In my most recent article for Free Life, I discussed a number of ways in which libertarianism differs from many statist philosophies at the fundamental level. One of these ways is the fact that it is more accurate to regard libertarianism as a behavioural ethic rather than as a grand, political system. This present article will echo and develop this particular theme in order to lay some basic groundwork for a libertarian political strategy.
Can we “Push the Button”?
The dedicated libertarian should want to see an end to statism in the quickest manner available. For those who adhere to more of an “anarchist” philosophy, such a desire would mean consigning as much of the state as we can to the dustbin of history in the shortest possible time; for those who lean more towards minarchism or to some other level of tolerance of a “nightwatchman” state, it would entail confining the state’s functions to the provision of defence, law and order, and to one or two minor roles.
A fitting example of this kind of fervour came as early as 1946 in a lecture given by Leonard Read entitled I’d Push the Button. Read imagined that, if there was a button in front of him that would release all wage and price controls immediately so as to restore the genuine free market, he would push it, without question. While Read’s preoccupation was with the specific kinds of state interference he specified, the symbolism of a giant, red button bringing about instant, radical change was likely to make a lasting impression during an era in which the very real spectre of the nuclear button was at the forefront of everyone’s minds. Decades after Read’s lecture, Murray N Rothbard advocated extending the notion of button pushing beyond wage and price controls, demanding “the instantaneous abolition of all invasions of liberty”.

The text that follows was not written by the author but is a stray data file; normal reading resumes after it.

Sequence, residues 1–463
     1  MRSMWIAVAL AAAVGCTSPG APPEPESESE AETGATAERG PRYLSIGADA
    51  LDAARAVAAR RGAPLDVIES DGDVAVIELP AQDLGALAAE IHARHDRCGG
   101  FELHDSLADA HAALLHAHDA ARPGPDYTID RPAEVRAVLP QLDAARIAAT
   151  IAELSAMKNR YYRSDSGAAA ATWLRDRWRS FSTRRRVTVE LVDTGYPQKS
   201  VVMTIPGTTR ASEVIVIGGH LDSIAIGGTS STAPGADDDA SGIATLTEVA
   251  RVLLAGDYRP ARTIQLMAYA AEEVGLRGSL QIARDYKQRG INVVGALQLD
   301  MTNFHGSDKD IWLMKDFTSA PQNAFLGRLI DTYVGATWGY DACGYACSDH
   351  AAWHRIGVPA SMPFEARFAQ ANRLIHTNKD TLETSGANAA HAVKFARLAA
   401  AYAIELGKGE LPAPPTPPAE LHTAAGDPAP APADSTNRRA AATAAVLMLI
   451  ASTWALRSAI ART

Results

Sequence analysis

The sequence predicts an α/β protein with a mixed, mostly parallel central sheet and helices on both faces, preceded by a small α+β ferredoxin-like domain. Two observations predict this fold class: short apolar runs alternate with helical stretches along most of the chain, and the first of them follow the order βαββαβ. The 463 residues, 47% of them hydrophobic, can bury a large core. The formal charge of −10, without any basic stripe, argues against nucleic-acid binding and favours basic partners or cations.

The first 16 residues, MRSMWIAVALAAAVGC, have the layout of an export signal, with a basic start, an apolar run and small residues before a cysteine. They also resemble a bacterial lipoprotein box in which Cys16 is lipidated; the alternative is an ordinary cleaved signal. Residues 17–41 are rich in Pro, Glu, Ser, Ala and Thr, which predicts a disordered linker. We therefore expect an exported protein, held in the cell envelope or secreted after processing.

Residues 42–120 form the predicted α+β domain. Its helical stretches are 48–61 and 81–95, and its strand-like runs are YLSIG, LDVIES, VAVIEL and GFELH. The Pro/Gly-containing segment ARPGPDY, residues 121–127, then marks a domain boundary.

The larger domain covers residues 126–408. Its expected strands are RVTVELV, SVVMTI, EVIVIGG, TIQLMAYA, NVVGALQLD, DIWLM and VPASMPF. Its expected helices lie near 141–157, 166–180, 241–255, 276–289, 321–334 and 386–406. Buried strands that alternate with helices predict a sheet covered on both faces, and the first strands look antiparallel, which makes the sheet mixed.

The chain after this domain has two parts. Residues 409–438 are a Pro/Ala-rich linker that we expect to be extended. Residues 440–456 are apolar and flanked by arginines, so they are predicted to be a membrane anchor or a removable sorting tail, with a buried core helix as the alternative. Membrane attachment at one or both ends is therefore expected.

It is true, of course, that any form of injustice should be removed by the quickest means possible, taking precedence over any other consideration. When confronted, for instance, by the institution of slavery, it is difficult to argue that the emancipation of those toiling in bondage should rank below the welfare of the slave masters, or the “practical” concerns of transitioning to a new labour system. Moreover, twentieth century examples of where free markets have flourished, such as in Hong Kong under John James Cowperthwaite, and in New Zealand under Roger Douglas, succeeded precisely because they were radical and uncompromising in sweeping away socialistic rot.
In stating this, however, we should remember that the adjective possible is as operative as the word quickest. Thus, while the notion of “pushing the button” may serve as a useful symbol, or metaphor, for keeping our eye on the ultimate goal, we cannot allow a literal interpretation of it to blind us to the realities of working towards a freer world. To analogise, a lottery win would very much “push the button” on one’s own lifestyle, delivering untold riches in an instant. But if the lottery player was to eye only the glittering prize, whiling away his days spending all of those millions in his head, then he would end up discarding all reasonable and practical steps towards becoming wealthier over time. Given that the cold, hard reality of probability all but guarantees his loss in every draw of the numbers, this kind of gambler consigns himself to the status of a romantic dreamer rather than that of a practical person.